“ For kindness begets kindness evermore, but he from whose mind fades the memory of benefits, noble is he no more .”
Third Party Beneficiary
An intended beneficiary may enforce a contract if the parties intended her to benefit and if either:
enforcing the promise will satisfy a duty of the promisee to the beneficiary; or
the promisee intended to make a gift to the beneficiary.
Someone who was not a party to the contract but stands to benefit from it.
Third Party Beneficiary (cont’d)
Any beneficiary who is not an intended beneficiary is an incidental beneficiary, and may not enforce the contract.
If the promisee is fulfilling some duty, the third party beneficiary is called a creditor beneficiary.
Assignment and Delegation
A contracting party may transfer his rights under the contract, which is called an assignment of rights .
A contracting party may transfer her duties pursuant to the contract, which is a delegation of duties.
The assignor is the one making an assignment and the assignee is the one receiving an assignment.
Any contractual right may be assigned unless assignment:
(a) would substantially change the obligor’s rights or duties under the contract; or
(b) is forbidden by law or public policy; or
(c) is validly precluded by the contract itself.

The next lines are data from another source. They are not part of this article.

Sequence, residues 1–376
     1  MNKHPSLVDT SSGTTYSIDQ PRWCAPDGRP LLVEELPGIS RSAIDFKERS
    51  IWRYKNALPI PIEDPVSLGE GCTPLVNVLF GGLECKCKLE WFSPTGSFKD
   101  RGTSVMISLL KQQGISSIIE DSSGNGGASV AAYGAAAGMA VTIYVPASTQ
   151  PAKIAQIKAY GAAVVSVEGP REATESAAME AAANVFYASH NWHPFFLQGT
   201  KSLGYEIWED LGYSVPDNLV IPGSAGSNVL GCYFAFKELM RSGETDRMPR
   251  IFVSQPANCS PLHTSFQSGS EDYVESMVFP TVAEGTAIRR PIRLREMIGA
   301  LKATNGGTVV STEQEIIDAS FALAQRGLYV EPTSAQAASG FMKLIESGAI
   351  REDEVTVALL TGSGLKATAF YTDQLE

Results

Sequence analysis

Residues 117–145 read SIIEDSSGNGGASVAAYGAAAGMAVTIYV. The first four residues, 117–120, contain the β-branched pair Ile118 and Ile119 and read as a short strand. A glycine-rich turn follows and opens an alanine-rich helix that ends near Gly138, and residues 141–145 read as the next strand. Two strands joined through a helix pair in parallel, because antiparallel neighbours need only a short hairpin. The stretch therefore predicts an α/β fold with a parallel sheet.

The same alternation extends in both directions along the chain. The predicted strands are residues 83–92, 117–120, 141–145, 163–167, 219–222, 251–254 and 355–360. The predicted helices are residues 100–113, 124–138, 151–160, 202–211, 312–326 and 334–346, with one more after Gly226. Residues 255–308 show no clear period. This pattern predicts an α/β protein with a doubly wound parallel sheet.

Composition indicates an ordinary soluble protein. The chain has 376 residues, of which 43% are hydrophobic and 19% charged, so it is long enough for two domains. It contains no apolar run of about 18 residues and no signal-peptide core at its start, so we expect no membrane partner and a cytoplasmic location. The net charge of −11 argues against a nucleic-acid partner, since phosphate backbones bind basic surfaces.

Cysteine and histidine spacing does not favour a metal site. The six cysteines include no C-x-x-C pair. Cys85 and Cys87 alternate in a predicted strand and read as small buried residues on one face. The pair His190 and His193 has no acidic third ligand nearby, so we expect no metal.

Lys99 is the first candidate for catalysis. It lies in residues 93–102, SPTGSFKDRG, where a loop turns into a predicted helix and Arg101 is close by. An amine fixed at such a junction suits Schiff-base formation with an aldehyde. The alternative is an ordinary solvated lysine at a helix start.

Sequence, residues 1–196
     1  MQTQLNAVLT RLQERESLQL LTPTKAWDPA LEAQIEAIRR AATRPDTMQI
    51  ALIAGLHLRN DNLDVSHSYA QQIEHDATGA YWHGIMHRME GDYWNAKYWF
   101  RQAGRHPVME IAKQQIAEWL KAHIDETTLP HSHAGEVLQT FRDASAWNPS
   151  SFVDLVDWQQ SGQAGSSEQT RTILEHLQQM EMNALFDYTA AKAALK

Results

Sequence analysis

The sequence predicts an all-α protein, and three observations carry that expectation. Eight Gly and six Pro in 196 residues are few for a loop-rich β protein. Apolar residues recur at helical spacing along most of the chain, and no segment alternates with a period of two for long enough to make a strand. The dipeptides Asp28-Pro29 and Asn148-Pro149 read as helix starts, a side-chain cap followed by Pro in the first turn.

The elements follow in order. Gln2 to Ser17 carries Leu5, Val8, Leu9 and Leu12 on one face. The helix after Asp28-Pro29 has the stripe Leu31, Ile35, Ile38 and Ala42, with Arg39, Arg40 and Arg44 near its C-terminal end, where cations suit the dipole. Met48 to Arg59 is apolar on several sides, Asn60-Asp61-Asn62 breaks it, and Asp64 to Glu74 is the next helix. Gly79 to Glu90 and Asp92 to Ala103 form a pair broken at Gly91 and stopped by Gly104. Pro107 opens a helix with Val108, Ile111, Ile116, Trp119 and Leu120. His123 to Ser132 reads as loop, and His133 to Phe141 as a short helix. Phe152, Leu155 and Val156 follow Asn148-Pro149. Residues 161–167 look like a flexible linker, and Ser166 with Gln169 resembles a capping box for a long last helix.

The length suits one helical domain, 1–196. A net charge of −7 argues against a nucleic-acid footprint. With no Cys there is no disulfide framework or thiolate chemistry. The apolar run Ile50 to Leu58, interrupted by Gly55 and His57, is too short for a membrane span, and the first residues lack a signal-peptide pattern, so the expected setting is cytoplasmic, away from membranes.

Assignment is also prohibited when the obligor is agreeing to perform personal services.
How Rights Are Assigned
An assignment for consideration is irrevocable.
A gratuitous assignment is made as a gift for no consideration.
A gratuitous assignment is generally revocable if it is oral and generally irrevocable if it is written.
Notice to the Obligor
Rights of the Parties after Assignment
Once the assignment is made and the obligor notified, the assignee may enforce her contractual rights against the obligor.
The obligor may generally raise all defenses against the assignee that she could have raised against the assignor.
Difference under the UCC
In general, the obligor on a sales contract may assert any defenses against the assignee that arise from the contract, and that arose before notice of assignment.
An agreement by a buyer that he will not assert against an assignee any claim or defense that he may have against the seller is generally enforceable if he took the assignment in good faith, for value, without notice of the potential defenses.
Delegation of Duties
Most duties are delegable. But delegation does not by itself relieve the delegator of his own responsibility to perform the contract.
An obligor may delegate unless
(1) delegation would violate public policy, or
(2) the contract prohibits delegation, or
(3) the obligee has a substantial interest in personal performance by the obligor.
A novation is a three-way agreement in which the obligor delegates all duties to the delegatee and the obligee agrees to look only to the delegatee for performance.
The obligee releases the obligor from all liability.
“ A moment’s caution should enable contracting parties to anticipate and realistically appraise any rights and responsibilities of third parties.”